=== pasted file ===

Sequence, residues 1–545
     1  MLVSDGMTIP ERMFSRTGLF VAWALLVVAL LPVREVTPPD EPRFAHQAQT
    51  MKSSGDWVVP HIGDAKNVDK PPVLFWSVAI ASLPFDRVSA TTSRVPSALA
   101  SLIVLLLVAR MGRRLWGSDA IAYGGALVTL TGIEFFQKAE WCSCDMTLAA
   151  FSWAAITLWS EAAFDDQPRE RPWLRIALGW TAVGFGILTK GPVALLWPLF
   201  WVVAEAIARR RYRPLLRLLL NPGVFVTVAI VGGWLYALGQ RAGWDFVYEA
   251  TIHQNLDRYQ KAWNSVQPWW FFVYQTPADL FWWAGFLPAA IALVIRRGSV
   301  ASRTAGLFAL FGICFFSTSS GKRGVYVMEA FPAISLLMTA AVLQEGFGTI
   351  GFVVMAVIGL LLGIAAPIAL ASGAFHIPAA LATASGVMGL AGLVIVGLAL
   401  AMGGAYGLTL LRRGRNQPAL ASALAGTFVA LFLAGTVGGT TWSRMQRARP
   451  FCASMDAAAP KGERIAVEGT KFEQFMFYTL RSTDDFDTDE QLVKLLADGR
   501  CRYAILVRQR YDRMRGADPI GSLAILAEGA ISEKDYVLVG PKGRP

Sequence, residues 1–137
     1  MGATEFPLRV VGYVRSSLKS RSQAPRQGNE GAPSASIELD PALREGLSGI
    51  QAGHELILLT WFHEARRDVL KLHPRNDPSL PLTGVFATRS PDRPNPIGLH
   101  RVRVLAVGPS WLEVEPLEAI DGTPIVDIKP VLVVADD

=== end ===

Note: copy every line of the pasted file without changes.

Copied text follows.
Sequence, residues 1–545
     1  MLVSDGMTIP ERMFSRTGLF VAWALLVVAL LPVREVTPPD EPRFAHQAQT
    51  MKSSGDWVVP HIGDAKNVDK PPVLFWSVAI ASLPFDRVSA TTSRVPSALA
   101  SLIVLLLVAR MGRRLWGSDA IAYGGALVTL TGIEFFQKAE WCSCDMTLAA
   151  FSWAAITLWS EAAFDDQPRE RPWLRIALGW TAVGFGILTK GPVALLWPLF
   201  WVVAEAIARR RYRPLLRLLL NPGVFVTVAI VGGWLYALGQ RAGWDFVYEA
   251  TIHQNLDRYQ KAWNSVQPWW FFVYQTPADL FWWAGFLPAA IALVIRRGSV
   301  ASRTAGLFAL FGICFFSTSS GKRGVYVMEA FPAISLLMTA AVLQEGFGTI
   351  GFVVMAVIGL LLGIAAPIAL ASGAFHIPAA LATASGVMGL AGLVIVGLAL
   401  AMGGAYGLTL LRRGRNQPAL ASALAGTFVA LFLAGTVGGT TWSRMQRARP
   451  FCASMDAAAP KGERIAVEGT KFEQFMFYTL RSTDDFDTDE QLVKLLADGR
   501  CRYAILVRQR YDRMRGADPI GSLAILAEGA ISEKDYVLVG PKGRP

Sequence, residues 1–137
     1  MGATEFPLRV VGYVRSSLKS RSQAPRQGNE GAPSASIELD PALREGLSGI
    51  QAGHELILLT WFHEARRDVL KLHPRNDPSL PLTGVFATRS PDRPNPIGLH
   101  RVRVLAVGPS WLEVEPLEAI DGTPIVDIKP VLVVADD